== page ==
Birds of Pakistan Paperback
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Most Helpful Customer Reviews on Amazon.com (beta)
softcover; 93 color plates show all 670+ species with good artistic quality; key plumage differences are shown between genders, ages, and subspecies; very brief but pointed identification material is given for each bird; a range map with four colors is provided with each species
This book, like its four other sister-books (Northern India, Southern India, Bhutan, Nepal) is a reduced version of the author's previous and much larger work: A Guide to the Birds of India, Pakistan, Nepal, Bangladesh, Bhutan, Sri Lanka and the Maldives. This lighter Pakistan version is a true field guide-sized book that focuses on just those birds found within Pakistan. The same illustrations and nearly all of the same text are used in this Pakistan book as in the sister books.
The color illustrations are shown in 93 different plates. These show good artistry for the 670+ birds found in the country. What is also nice to see is that most birds are shown with multiple plumages when significant differences exist between genders, age, or subspecies. Each of the plates contain 3-10 different species and illustrate anywhere from 8-30 illustrations. The non-passerines, especially the raptors, gulls, and shorebirds, are show with the most drawings. Plates for these groups of birds can be congested with 25-30 illustrations of perched and flying birds. This causes many of the birds to be a bit small on the page; however, they are still very useful for identification.
Like the book's counterparts, the text accompanying each bird is the weaker part of this book. To be clear, the text is not bad, but, it is often very scant. Each bird receives as little as 3 lines or up to 15 lines to describe it. This text may not always be sufficient to differentiate between many of the more similar birds (e.g., Bush or Leaf Warblers). For some of the birds, a line or two is offered about the habitat or distribution. The raptors receive the most coverage information (6-17 lines) while the passerines receive the least (e.g., as little as 3-4 lines per bird). There is only the sparsest of information given for vocalizations on some of the birds.
Unique to this book is the inclusion of range maps across Pakistan. None of the other four related books have maps. The maps provide very good detail of the bird's range, outlined with four colors representing summer, year-round, wintering, and migrant.
To help supplement the relatively thin text on identification, eight tables are included as appendices. These tables provide a list of identification features that compare the more difficult bird groups such as nightjars, warblers, rosefinches, and the Yellow Wagtail subspecies.
This guide will serve you very well in Pakistan and is probably the second-best option, aside from the superior, but more expensive, book Birds of South Asia by Rasmussen.
If you're looking at other titles by these authors (Inskipp and Grimmett) keep in mind this Pakistan guide comes from the combined (but still condensed) Birds of India, which includes range maps for the entire subcontinent. Basically, if you own Birds of India, you already own everything in this Pakistan book. And, these two books (India and Pakistan) all come from the aforementioned larger work that has everything along with extensive, in-depth text. -- (written by Jack at Avian Review with sample pages, June 2009)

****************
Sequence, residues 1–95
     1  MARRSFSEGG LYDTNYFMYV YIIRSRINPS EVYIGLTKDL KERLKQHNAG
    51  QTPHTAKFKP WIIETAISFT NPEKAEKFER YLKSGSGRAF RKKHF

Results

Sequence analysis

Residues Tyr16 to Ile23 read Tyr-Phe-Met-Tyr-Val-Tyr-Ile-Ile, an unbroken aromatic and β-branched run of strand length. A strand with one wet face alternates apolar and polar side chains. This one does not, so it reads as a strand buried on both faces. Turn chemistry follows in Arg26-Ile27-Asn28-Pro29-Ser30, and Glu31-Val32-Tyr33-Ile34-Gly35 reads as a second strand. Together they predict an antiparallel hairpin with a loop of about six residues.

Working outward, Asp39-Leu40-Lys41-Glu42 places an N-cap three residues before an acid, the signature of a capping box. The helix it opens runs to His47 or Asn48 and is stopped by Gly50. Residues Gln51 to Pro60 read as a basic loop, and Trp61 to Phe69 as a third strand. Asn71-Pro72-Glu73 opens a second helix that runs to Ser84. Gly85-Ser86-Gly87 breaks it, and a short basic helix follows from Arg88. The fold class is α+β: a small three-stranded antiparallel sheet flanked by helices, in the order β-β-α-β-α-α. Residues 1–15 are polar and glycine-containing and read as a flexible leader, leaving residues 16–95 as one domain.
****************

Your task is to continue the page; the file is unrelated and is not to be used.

The main body of the book begins on page 48 with the first of 93 plates. Each plate has good illustrations with a little crowding on a few plates and a few species represented with small illustrations but on a whole most are easy to see and detailed for identification. The text faces each plate with a good color range map. Four colors for summer breeder, year round, winter resident and passage migrant are shown. Most maps cover the whole country for those species spread across the range but if a species range is smaller, a regional map is used showing only the area of Pakistan where the species range is, a very good idea and one I wish more guides would do. The descriptions cover several plumages and subspecies where relevant and notes on habits, habitat, voice and range are all included though not separated by bold titles so it all flows together, a common theme with the authors.
The book concludes with a list of vagrant and extirpated species as well as tables for comparison of nightjars, phyllosocpus and acrocephalus warblers as well as wagtail subspecies and rosefinchs. This is a handy feature when trying to separate some of the more similar species you will encounter.
Overall I like this guide in that is has the more modern style with range maps, text and plates all together. It is small and portable so will be easy to carry in the field. For more thorough text you might want to reference Roberts, The Birds of Pakistan Volume I and II, though this is a stay at home pair and one I doubt you'd take with you even to leave back in the hotel.
The Birds of Pakistan: Volume 1: Regional Studies and Non-Passeriformes
The Birds of Pakistan: Volume 2: Passeriformes: Pittas to Buntings
Birds of Pakistan in the past unfortunately have been lumped with birds of India in so many older texts.
This new book however has changed that. It is the most authoritative modern text on Birds of Pakistan. Authors have done an amazing job.